Tuesday, April 19, 2011

Justice Demands

"The Good Shepherd lays down His life for the sheep, and pleads that they must therefore go free. The Surety is bound, and justice demands that those for whom He stands a substitute should go their way." ~ Charles Spurgeon, Morning and Evening, Morning March 26

There is an anecdote (which I cannot confirm) that tells the story of a conversation between Spurgeon and one of his congregation. As the story goes, the member came up to Sprugeon, after a particularly good sermon on the atoning sacrifice of Jesus Christ being the only way to obtain eternal life, and asked him, "Pastor Spurgeon, what would you do if you got to the gates of heaven and God did not grant you entrance." Without missing a beat Spurgeon replied, "I would demand to be let in!"

Whether the story is true or not, it brings up an interesting point. Could we ever make demands of God? Could we demand to be let into heaven? If you have placed your faith in the propitiatory sacrifice (satisfying God's wrath) of Christ then you could. I John 1:9 says, "If we confess our sins, He is faithful and just to forgive us our sins and to cleanse us from all unrighteousness." God is not only faithful to forgive our sins if we come to Him on the basis of the righteousness of Christ; He is just in doing so. In fact, it would be unjust for God to refuse if we come on the basis of Christ's righteousness alone. Why? Romans 3:23-26 tells us the answer,
23[F]or all have sinned and fall short of the glory of God, 24and are justified by His grace as a gift, through the redemption that is in Christ Jesus, 25whom God put forward as a propitiation by His blood, to be received by faith. This was to show God’s righteousness, because in His divine forbearance He had passed over former sins. 26It was to show His righteousness at the present time, so that He might be just and the justifier of the one who has faith in Jesus.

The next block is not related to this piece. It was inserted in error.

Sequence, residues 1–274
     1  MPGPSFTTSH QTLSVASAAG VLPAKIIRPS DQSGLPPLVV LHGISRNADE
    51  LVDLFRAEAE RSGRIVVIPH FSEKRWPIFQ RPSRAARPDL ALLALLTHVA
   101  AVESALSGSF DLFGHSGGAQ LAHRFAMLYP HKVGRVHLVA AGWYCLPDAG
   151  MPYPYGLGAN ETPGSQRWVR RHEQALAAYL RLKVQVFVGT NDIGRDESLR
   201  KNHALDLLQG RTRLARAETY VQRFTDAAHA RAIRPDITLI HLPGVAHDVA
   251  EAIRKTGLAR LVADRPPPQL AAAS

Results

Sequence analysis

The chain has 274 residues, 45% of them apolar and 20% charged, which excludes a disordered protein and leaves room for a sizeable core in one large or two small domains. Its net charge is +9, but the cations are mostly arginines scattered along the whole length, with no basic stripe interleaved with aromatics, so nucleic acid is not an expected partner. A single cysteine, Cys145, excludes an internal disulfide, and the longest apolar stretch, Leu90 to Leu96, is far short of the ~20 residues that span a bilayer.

The emphasis in the last verse is my own, which I added to bring attention to the part of the verse that I want to focus on. Because of the propitiatory sacrifice of Christ, God can both justify sinners (declare them not guilty and righteous on account of Christ) and be just in doing so. It is just because Christ took the punishment for our sin (became a propitiatory sacrifice for us) and imputed to our account His perfect righteousness. Since Christ took our punishment and we have His righteousness it would be unjust for God to do anything other than declare us not guilty and righteous--to justify us. So Christians can confidently before God because, as Spurgeon says above, "justice demands that those for whom He stands a substitute should go their way."

As Easter approaches consider this: "33Who shall bring any charge against God’s elect? It is God who justifies. 34Who is to condemn?" ~ Romans 8:33-34a. If you are His, then you can rejoice because nothing can separate you from His love... nothing (Romans 8:35).

By His Grace,

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